It is believed that in some families, cultures and religions, eating non-food items is a learned behavior. Neglect, lack of parental supervision, or food deprivation – this is common in children living in poverty and in developing countries with high rates of poverty and famine.
Mental retardation, autism, developmental disorders, brain injuries and abnormalities as well as other mental health conditions such as OCD and schizophrenia can lead to pica.
It is believed that pica in pregnancy occurs with women who have had pica in their childhood or before their pregnancy—or who have a family history of pica.
What Can Be Done?
Your doctor can check for vitamin deficiencies, anemia and other conditions related to pica, and may request additional lab testing. In some cases a nutritionist and therapist may be needed to help with recovery. If the condition returns after treatment, see your doctor again. Pica is usually a temporary condition that ends when kids get older or when a pregnancy ends. When developmental problems or mental health conditions are involved, the problem may be ongoing.
Adults with pica often experience shame, anxiety, depression, relationship problems, body image problems, other eating disordered behaviors, and may have a history of abuse or neglect. Life stress, intense emotions and other mental health symptoms can trigger a relapse of these behaviors after a period of remission. Therapy can help reduce these symptoms and help with developing skills to better manage symptoms, feelings or stress.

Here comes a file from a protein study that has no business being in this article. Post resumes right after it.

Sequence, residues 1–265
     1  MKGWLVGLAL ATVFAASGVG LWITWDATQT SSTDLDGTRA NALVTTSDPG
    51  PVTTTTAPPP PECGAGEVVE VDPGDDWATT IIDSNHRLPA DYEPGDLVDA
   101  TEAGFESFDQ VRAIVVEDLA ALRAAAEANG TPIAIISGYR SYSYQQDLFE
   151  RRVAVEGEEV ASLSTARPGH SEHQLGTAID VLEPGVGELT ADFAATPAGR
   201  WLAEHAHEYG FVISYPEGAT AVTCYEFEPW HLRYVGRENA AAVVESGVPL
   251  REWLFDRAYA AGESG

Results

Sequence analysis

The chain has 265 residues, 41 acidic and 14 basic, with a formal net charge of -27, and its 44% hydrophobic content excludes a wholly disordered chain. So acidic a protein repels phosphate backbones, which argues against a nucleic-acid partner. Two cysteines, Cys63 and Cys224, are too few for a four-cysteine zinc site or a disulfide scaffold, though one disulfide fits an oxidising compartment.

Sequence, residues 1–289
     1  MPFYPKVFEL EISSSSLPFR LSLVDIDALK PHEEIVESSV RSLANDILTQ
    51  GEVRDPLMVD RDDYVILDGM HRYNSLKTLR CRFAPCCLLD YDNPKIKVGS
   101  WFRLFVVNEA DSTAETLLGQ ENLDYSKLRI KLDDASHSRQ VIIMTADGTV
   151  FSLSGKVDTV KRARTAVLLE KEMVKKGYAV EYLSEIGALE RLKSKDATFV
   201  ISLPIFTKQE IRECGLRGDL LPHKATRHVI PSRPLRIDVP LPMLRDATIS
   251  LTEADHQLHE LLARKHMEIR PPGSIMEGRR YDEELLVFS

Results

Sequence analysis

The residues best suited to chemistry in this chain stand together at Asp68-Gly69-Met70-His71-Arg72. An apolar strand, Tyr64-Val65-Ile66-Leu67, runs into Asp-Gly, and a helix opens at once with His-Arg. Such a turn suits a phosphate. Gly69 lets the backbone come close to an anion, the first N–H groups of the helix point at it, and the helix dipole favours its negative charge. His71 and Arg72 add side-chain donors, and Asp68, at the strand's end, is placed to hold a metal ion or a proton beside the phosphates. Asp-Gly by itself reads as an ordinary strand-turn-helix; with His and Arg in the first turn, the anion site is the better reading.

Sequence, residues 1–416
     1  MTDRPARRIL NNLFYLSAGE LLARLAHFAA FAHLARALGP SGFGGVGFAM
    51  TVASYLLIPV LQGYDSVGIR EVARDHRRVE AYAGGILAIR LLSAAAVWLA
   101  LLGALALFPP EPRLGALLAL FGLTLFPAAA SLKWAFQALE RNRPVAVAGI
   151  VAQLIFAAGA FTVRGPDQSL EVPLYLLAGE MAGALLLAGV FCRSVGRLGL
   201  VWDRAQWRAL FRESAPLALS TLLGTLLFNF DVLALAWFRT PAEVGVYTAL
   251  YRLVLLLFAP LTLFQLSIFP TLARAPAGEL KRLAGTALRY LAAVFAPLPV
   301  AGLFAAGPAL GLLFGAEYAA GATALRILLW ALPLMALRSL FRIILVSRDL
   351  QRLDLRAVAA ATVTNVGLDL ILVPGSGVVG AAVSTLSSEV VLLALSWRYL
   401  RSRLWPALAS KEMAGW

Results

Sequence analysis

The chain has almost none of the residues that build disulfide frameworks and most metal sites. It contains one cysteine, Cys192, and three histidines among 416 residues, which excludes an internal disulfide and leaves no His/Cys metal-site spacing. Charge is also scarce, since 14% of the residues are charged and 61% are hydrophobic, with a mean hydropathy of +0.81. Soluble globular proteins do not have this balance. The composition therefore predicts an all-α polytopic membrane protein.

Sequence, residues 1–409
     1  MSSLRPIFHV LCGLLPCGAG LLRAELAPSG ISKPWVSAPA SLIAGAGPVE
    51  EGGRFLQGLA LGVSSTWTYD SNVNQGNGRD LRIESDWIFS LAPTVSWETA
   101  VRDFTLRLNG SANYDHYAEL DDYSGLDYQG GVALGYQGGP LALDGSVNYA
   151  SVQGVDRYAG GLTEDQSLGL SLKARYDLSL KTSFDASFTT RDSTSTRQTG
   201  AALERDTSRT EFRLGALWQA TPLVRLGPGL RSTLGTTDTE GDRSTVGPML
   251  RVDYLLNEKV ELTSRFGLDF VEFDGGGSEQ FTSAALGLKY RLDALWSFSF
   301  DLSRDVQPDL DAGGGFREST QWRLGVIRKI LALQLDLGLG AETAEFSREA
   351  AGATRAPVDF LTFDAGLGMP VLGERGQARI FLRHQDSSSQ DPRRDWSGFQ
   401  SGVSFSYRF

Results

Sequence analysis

A Word About Iron Deficiency Anemia (IDA)
Iron Deficiency Anemia (IDA) is caused by a lack of iron in the blood. Lack of iron is a major cause of anemia in childhood. Infants, toddlers and teens are at high risk for developing IDA. IDA can be caused by:
- Not enough iron in the diet
- Poor absorption of iron in the body
- Blood loss from menstruation or in the intestinal tract
- Periods of rapid growth
- Poverty contributes to children not having enough iron in their diet.
- Infants and teens also have an increased need for iron due to their rapid growth.
- Infants who are taken off of formula and given cow’s milk before their first year are in danger of not getting enough iron. Cow’s milk also decreases absorption of iron and can irritate the intestinal lining – causing slow bleeding and blood loss.
- Prematurity and low birth weight also contributes to IDA due to less time in the uterus to build up iron stores.
- Toddlers ages 1-3 are no longer drinking formula and often do not get iron from other foods .If they drink more than 24 ounces of cow’s milk, they may also be irritating their intestinal lining and experiencing blood loss. Iron fortified cereal is a great source of iron for toddlers.
- Boys and girls in puberty are at risk for IDA because of rapid growth. Risk for girls is higher due to menstruation and diet.
This content is for informational purposes only and does not substitute for formal and individualized diagnosis, prognosis, treatment, prescription, and/or dietary advice from a licensed medical professional. Do not stop or alter your current course of treatment. If pregnant or nursing, consult with a qualified provider on an individual basis. Seek immediate help if you are experiencing a medical emergency.
© 2011 Kim Harris